6 Inch Cake Recipes

Learn how to make a deliciously soft and buttery 6 inch vanilla cake, plus a dozen other cake flavors for your smaller 6 inch cake pans. These are perfect for smaller gatherings and much easier to decorate, too!

6 inch vanilla cake with sprinkles on a teal cake stand

More and more over the past few years, I see questions about adapting large layer cake recipes to fit smaller 6 inch cake pans. 6 inch cakes are very popular and yet most traditional cake recipes don’t accommodate the smaller size.

But last year I discovered an easy solution when I made a 6 inch birthday cake. I no longer adapted cake recipes to fit the smaller cake pan size. Instead, I began using cake batter from my CUPCAKE recipes. (And most of my cupcake recipes are actually adapted from the larger cake variety, so the work is already done!)

I know it’s nothing groundbreaking, but it was a total lightbulb moment as I suddenly had dozens of 6 inch cake flavors to bake. I love the 6 inch size for children’s birthday cakes, small gatherings and celebrations, or bridal/baby showers where there’s a lot of other desserts. And when it comes to decorating, 6 inch is a very non-intimidating size cake!

6 inch chocolate cake on blue cake stand

Cupcake Batter = 3 Layer 6 Inch Cake

Cupcake batter that produces about 12-15 cupcakes is the perfect amount for a 3 layer 6 inch cake. One dozen cupcakes usually takes about 3-4 cups of cake batter, which divides perfectly between 3 6 inch cake layers. This means that you can essentially turn any batch of cupcakes into a small layer cake. I’ve tested this several times with many different flavors, but usually stick with vanilla cake and chocolate cake, which are made from my vanilla cupcakes and chocolate cupcakes respectively.

6 Inch Cake Flavors

Use the batter for the following recipes to make different flavor 6 inch cakes:

All 6 inch cake layers take about 18-21 minutes at 350°F (177°C). You need about 2.5-3 cups of frosting for a 3 layer 6 inch cake, which is usually the amount used for 1 dozen cupcakes. Any of the frosting recipes paired with the listed cupcakes would be perfect. 🙂

6 inch vanilla cake with sprinkles on teal cake stand

6 inch chocolate cake on a teal cake stand with a slice on a cake server

How to Prep Your 6 Inch Cake Pans

After you choose your 6 inch cake batter, it’s time to start prepping the cake pans. First, make sure you have quality 6 inch cake pans. I started using Fat Daddio’s 6 inch cake pans last year and loved them so much that I switched out my 9-inch and 8-inch cake pans for the Fat Daddio’s brand. From one baker to another– these pans are incredible quality for the price. Not working with this brand, just a genuine fan.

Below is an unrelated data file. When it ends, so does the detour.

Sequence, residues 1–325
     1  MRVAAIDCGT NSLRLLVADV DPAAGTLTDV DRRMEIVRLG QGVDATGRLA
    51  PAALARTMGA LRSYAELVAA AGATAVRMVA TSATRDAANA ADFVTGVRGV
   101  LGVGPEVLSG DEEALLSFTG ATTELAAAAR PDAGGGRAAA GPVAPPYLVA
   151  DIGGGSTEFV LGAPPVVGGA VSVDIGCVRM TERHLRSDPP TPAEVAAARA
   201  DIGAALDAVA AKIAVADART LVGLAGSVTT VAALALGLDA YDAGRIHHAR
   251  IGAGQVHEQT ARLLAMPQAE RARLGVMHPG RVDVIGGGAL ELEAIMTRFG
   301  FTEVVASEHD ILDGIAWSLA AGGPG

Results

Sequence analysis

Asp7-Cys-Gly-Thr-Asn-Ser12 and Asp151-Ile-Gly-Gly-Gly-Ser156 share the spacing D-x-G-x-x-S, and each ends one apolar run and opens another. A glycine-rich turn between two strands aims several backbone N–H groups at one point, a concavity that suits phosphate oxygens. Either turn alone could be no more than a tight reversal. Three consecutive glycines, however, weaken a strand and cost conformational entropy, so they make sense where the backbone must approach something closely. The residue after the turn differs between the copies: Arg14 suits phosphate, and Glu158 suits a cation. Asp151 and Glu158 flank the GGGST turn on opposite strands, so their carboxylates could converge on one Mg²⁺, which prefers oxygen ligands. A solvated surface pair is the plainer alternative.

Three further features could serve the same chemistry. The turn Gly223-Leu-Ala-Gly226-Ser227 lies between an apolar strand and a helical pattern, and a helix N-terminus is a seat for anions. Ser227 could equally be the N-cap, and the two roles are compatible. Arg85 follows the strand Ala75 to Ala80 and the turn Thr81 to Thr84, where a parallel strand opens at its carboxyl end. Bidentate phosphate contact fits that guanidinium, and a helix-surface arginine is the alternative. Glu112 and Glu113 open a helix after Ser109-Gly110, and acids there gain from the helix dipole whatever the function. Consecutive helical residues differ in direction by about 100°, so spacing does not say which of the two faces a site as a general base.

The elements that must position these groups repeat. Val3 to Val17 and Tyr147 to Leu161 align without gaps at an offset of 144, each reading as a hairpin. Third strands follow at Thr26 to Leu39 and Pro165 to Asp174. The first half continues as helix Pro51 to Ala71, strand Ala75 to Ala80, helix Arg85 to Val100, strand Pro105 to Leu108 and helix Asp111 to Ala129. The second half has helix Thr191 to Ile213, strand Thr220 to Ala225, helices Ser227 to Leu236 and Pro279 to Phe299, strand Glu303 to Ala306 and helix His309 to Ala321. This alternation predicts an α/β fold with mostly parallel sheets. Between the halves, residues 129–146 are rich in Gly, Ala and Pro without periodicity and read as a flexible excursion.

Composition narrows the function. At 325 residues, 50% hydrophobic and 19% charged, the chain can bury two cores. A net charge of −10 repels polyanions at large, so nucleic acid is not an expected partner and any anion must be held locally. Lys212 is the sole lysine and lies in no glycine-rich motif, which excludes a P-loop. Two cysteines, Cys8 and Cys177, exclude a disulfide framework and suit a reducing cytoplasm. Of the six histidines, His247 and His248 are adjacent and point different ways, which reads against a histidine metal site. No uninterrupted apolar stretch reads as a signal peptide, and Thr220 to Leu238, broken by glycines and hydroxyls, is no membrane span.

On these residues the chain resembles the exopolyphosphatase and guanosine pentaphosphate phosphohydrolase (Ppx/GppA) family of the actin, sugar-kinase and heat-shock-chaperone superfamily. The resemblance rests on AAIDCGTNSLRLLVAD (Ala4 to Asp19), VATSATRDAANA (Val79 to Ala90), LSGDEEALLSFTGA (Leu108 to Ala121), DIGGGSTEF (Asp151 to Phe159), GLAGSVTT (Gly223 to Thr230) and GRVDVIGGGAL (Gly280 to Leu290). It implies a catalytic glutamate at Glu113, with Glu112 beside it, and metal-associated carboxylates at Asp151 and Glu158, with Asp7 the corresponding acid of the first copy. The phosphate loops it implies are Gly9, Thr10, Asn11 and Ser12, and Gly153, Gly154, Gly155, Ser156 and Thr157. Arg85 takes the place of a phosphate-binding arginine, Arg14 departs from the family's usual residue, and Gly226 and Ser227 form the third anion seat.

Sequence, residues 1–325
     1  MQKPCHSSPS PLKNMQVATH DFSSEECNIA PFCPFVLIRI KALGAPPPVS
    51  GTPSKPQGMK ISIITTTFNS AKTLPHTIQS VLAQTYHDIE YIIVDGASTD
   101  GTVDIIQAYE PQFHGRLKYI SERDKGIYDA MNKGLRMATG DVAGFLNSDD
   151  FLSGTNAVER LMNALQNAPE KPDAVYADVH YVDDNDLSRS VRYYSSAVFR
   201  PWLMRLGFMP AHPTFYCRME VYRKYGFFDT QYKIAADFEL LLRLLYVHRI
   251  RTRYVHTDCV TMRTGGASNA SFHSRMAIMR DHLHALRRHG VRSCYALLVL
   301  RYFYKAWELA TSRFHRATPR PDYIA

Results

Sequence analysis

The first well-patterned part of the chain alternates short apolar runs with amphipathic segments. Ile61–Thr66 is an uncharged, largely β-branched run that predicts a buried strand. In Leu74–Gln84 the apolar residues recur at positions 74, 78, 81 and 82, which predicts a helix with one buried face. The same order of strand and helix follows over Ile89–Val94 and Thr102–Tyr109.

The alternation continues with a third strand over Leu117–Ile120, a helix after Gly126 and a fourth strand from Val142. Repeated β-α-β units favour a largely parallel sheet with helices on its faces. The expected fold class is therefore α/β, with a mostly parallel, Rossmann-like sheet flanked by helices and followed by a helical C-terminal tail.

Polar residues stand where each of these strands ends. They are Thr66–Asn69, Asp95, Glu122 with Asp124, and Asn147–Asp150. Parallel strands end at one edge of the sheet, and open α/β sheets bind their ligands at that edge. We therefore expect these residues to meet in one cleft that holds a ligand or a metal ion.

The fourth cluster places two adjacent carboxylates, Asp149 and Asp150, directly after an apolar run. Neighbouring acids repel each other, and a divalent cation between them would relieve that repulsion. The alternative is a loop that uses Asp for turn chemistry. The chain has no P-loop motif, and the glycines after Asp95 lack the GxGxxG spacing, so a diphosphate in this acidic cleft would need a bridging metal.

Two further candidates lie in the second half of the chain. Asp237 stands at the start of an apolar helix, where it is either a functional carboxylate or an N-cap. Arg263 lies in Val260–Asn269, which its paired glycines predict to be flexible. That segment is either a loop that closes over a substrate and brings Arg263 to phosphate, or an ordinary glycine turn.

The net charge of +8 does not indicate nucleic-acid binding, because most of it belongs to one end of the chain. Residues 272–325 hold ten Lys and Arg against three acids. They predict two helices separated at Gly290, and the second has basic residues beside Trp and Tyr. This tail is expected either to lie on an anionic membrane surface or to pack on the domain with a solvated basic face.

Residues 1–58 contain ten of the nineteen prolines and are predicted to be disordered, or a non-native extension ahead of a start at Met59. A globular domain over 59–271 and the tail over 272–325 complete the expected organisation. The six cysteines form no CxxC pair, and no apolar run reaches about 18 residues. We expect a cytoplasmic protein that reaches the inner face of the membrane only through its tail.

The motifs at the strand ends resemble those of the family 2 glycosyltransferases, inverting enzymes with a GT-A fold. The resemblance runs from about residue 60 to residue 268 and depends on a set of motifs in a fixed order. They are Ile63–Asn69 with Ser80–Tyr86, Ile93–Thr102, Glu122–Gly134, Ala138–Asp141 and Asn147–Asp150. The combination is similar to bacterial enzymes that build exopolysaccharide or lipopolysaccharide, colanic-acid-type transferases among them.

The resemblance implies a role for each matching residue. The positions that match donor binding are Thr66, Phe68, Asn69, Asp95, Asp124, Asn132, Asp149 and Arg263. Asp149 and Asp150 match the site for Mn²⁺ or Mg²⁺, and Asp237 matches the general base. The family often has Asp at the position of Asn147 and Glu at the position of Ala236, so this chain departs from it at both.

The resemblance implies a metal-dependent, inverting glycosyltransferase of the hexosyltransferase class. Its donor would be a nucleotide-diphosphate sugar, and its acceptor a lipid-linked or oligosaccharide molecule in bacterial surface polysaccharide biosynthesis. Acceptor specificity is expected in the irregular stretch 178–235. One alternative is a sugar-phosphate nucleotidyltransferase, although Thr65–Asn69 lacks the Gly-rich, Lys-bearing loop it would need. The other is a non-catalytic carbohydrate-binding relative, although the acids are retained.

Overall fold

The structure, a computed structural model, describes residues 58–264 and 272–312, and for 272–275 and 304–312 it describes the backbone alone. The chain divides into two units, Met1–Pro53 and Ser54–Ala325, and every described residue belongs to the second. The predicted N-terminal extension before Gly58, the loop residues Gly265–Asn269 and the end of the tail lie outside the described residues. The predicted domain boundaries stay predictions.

The smaller the cake, the more difficult it is to neatly release from the baking pan. Here’s my guaranteed solution so that your 6 inch cake layers glide right out:

  1. Make a parchment paper round. Trace the bottom of the cake pans on a large piece of parchment paper. Cut out the parchment circles.
  2. Very lightly grease the baking pans.
  3. Place the parchment round inside.
  4. Grease the parchment round too. Using butter or baker’s nonstick spray, I grease the pan AND the parchment. This promises an ultra non-stick environment for your cake. Never any sticking.

I usually keep a stack of parchment rounds on hand just in case I’m in a rush to get a cake in the oven. For cake emergencies, of course.

2 images of cut out parchment paper rounds and parchment paper rounds in cake pans

Divide the batter evenly between the cake pans and bake.

2 images of cake batter in 6 inch cake pans and baked cake layers in 6 inch cake pans

How to Frost & Decorate a 6 Inch Cake

You need about 2.5-3 cups of frosting to frost a 3 layer 6 inch cake. The frostings paired with the cupcake recipes listed above are plenty for your 6 inch cake, such as vanilla buttercream or chocolate buttercream. Assembling and decorating a 6 inch cake is just like putting together a larger cake, but the smaller size is definitely easier to work with.

Tools I find helpful:

  1. Cake Turntable: This size is great for larger 9 inch cakes as well. A cake turntable makes it easy to frost the sides of a cake with a bench scraper.
  2. Bench Scraper: I like to run a bench scraper around the sides of the cake to smooth out the frosting. This works for any size cake. If you’ve never used one before to decorate a cake, you can watch me use it in my vanilla cake video. They’re very handy!
  3. Small Offset Icing Spatula: Use this for spreading the frosting between the layers and on top of the cake. The small size is great for frosting cupcakes too.

2 images of spreading frosting on a 6 inch cake and cake on cake turner

Since this is a small cake, it’s easy to pick up with a couple flat spatulas and carefully transfer to a cake stand or serving plate. You can also use cake boards, which are cardboard cut-outs that provide a sturdy foundation for your cake if you need to move it to another surface.

6 inch vanilla cake on blue cake stand

2 images of 6 inch vanilla cake and chocolate cake slices

Small cakes are taking over! Which flavor will you try first?

PS: I bought the pictured teal cake stand from Home Goods and unfortunately can’t find a link to it for you! Make sure you find a cake stand that’s about 8 inches in diameter to comfortably fit the 6 inch cake. I love this one from Anthropologie too!

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6 inch vanilla cake on blue cake stand

6 Inch Vanilla Cake

  • Author: Sally
  • Prep Time: 30 minutes
  • Cook Time: 20 minutes
  • Total Time: 3 hours
  • Yield: serves 8
  • Category: Dessert
  • Method: Baking
  • Cuisine: American


Learn how to make a deliciously soft and buttery 6 inch vanilla cake, plus a dozen other cake flavors for your smaller 6 inch cake pans. 6 inch cakes are perfect for smaller gatherings and much easier to decorate, too!